(D)ifferences . . . (1) as to the meaning and application of the provisions of this agreement, or (2) should differences arise about matters not specifically mentioned in this agreement, or (3) should any local trouble of any kind arise at the mine. . . .
Id. at 297 n.5.
The court said of this agreement:
It is our conclusion that the 'any local trouble of any kind aris(ing) at the mine' language contained in this exceptionally broad arbitration clause is itself expansive enough to cover the present disputes. A work stoppage which results from the honoring of stranger picket lines by company employees is certainly local trouble at the mine. Any other construction of this language would simply be ignoring the realities of the situation. Moreover, these parties agreed to arbitrate not only disputes concerning the meaning and application of the express provisions of the agreement but also disputes 'about matters not specifically mentioned in this agreement.' By the use of this terminology, we conclude that the parties mutually contracted to resolve any labor difficulties arising during the life of the agreement by the arbitration process, other than disputes which are 'national in character.'
Id. at 298.
The court relied upon clauses (2) and (3), supra, and in the present case the parties adopted nothing more than clause (1). Clause (1) seems to us clearly not to affect the right to engage in a sympathy strike. In any event it is not clear and unmistakable language waiving that right.
Under these circumstances, the bargaining history between the Company and Union need not be examined in order to interpret the language of the collective bargaining agreement. Montana-Dakota Utilities Co. v. NLRB, 455 F.2d 1088, 1092 (8th Cir. 1972). But here, if we carry our consideration into that history, our conclusion is only reinforced. At the very time that the Local 14321 agreement was being negotiated, the women's unit was on strike and the men's unit was engaged in a sympathy strike, refusing to cross the women's picket line. Yet no specific language dealing with sympathy strikes was included in the women's unit agreement.
During the men's unit strike precipitating the women's discharges involved here, the Company submitted to the Union specific language covering sympathy strikes but the Union rejected that language. In other words the Company knew how to deal specifically with the subject when it so desired.
Even if we should assume, moreover, that the no-strike-arbitration clause of the Gary Hobart agreement was broad enough to make sympathy strikes and the honoring of a stranger local union's picket lines arbitrable, we would nevertheless be bound to enforce the Board's order inasmuch as it was entered only after the Board had on November 30, 1972 first found that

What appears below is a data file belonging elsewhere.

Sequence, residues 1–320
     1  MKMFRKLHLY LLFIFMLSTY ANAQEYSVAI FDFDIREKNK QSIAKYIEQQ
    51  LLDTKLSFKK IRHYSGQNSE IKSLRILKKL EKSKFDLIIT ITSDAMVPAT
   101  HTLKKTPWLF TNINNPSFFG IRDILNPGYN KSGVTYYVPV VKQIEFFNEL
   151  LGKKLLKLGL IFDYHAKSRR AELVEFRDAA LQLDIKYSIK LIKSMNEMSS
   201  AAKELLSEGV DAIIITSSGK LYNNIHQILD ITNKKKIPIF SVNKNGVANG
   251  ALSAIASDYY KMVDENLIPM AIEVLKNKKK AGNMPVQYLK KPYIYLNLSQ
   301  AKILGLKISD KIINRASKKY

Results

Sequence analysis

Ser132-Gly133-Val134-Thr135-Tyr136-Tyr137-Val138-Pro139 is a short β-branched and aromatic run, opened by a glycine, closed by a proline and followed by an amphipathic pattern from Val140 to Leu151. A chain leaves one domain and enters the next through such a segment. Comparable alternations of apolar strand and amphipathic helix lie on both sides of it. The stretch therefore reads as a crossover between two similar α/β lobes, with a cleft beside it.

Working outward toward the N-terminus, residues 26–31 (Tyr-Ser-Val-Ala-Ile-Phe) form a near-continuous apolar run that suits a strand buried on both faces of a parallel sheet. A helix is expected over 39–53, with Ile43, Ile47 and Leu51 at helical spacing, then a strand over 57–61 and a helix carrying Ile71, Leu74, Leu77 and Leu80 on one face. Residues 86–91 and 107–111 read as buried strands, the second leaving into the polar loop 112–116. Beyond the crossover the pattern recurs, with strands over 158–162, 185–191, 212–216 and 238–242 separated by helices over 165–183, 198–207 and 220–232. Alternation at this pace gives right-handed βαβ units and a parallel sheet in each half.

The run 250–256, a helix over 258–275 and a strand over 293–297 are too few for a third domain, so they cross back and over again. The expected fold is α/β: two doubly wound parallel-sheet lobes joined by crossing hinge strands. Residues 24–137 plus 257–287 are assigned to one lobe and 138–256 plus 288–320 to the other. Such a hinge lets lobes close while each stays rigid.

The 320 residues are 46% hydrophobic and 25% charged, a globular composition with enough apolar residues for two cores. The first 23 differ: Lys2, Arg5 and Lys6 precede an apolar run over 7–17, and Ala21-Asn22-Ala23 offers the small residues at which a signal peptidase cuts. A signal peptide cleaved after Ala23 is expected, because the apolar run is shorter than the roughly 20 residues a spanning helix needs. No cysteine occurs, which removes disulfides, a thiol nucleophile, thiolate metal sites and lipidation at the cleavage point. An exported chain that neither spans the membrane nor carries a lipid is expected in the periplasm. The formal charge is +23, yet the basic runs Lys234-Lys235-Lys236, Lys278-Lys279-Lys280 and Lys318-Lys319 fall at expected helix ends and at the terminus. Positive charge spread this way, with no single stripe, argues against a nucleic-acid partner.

(S)ince the resolution of the threshold issue (whether the no-strike clause of the grievance procedure of the collective-bargaining agreement protected the sympathy strike of the clerical unit) turns on the meaning and application of the no-strike clause, and the alleged unfair labor practices are so intimately intertwined with the interpretation of the contract, it would best effectuate the policies of the Act to defer to arbitration.
210 N.L.R.B. No. 87 at 1 (1974).
The Board retained jurisdiction and proceeded to determine the case on the merits after the Company refused to resolve the issues in dispute by settlement under the grievance procedure or by submission to arbitration. The Board found that the discharged employees had been engaged in protected activity and were entitled to relief.
We conclude that neither the employees nor their Union waived their right to engage in a sympathy strike. Kellogg Co. v. NLRB, 457 F.2d 519 (6th Cir.), cert. denied, 409 U.S. 850, 93 S. Ct. 58, 34 L. Ed. 2d 92 (1972).
The Board's findings and conclusions are supported by substantial evidence on the record considered as a whole.
Petition for review denied and order enforced.
FAIRCHILD, Chief Judge (concurring).
I agree that, absent an unequivocal waiver by the union, the Company's discharge of the Local 14321 employees for engaging in the concededly protected activity of observing another union's picket line, was violative of § 8(a) (3) of the National Labor Relations Act.
The 'no strike' commitment present in the instant collective bargaining agreement does not specifically waive the right to engage in a sympathy strike. Accordingly, the Company is essentially arguing for the implication of such a term into the agreement's general proscription. Such protected rights should not be deemed waived by implication of law unless it is clear that the parties actually intended such a result.
I do not find Inland Steel Co. v. Local 1545, United Mine Workers of America, 505 F.2d 293 (7th Cir. 1974) controlling in the present case. As the court makes clear, the implication of a no-sympathy-strike agreement in Inland was founded upon an 'exceptionally broad' and all-in-clusive arbitration agreement. In the Gary-Hobart contract, the express no strike commitment does not specifically include a promise not to honor the picket line and the arbitration provisions are of narrower scope and application than those in Inland. I agree that the Board's order should be enforced.
Associate Justice Tom C. Clark of the Supreme Court of the United States (Retired) is sitting by designation